Nebraskans who are parents of newborns are encouraged to take their tots in for a free eye exam as part of a national effort.
Optometrist Dr. Melissa Billings recommends children have their eyes checked when they’re still very young — between the ages of six and 12 months.
Dr. Billings says, “We’ve found that if we can catch early problems, we can get them treated early and that way the patient doesn’t have to deal with a lifetime of visual problems, whether that would be a lazy eye, where one eye doesn’t see as well as the other, an eye that turns, poor depth perception.”
While it might sound like it would be pretty tough to check the eyesight of an infant, she says the test is tailored just for the very young.
“We do a lot of things such as preferential looking to see if they’re looking at specific targets,” Billings says. “We always check their eye motility to make sure the six muscles in each eye are working fully and properly. We can also test their prescription without them saying anything at all by doing a technique called retinoscopy.”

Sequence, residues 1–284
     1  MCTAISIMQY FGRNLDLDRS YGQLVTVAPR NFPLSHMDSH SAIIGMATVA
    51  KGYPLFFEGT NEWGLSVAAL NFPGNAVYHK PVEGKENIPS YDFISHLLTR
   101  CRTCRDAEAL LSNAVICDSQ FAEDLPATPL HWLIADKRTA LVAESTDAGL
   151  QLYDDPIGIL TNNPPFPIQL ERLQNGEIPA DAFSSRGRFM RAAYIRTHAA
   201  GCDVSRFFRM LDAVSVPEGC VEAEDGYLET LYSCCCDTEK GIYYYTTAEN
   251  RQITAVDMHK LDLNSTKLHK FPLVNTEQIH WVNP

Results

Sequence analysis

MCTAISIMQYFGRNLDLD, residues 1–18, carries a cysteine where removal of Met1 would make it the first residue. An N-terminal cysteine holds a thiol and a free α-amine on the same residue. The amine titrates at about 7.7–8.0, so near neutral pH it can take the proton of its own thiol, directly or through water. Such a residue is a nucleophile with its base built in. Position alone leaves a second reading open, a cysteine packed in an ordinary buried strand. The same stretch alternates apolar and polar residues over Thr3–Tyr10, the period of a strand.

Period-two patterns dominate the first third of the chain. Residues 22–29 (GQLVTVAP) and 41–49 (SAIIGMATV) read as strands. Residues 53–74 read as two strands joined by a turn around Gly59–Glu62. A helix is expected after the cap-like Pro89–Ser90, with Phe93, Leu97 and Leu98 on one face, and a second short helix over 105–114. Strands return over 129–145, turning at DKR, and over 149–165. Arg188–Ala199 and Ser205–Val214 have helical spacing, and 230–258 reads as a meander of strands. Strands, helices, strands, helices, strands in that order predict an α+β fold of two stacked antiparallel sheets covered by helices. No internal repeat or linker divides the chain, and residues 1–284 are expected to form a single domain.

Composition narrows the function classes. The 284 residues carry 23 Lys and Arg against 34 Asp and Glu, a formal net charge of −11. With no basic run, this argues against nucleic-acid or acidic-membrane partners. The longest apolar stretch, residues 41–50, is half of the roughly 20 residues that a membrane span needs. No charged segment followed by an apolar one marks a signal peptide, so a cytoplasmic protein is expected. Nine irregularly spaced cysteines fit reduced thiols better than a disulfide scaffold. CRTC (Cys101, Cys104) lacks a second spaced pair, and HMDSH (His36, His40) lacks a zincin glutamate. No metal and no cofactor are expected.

The typical Infant exam has the baby seated on the parent’s lap and the doctor will use lights and other hand-held objects, similar to finger puppets, to evaluate how the baby’s eyes are working together. She says most eye doctors are taking part in the free program.
“If you go to the website www.infantsee.org, that will pull up the InfantSEE website and give you a list of providers,” Billings says. “I have a feeling though that if anybody talks to their hometown provider, their provider is probably an InfantSEE provider.”
She says early intervention in a child’s first 12 months is crucial to successful and cost-effective treatment because an infant’s visual system develops very rapidly and it’s important to treat any problem that could hinder proper vision.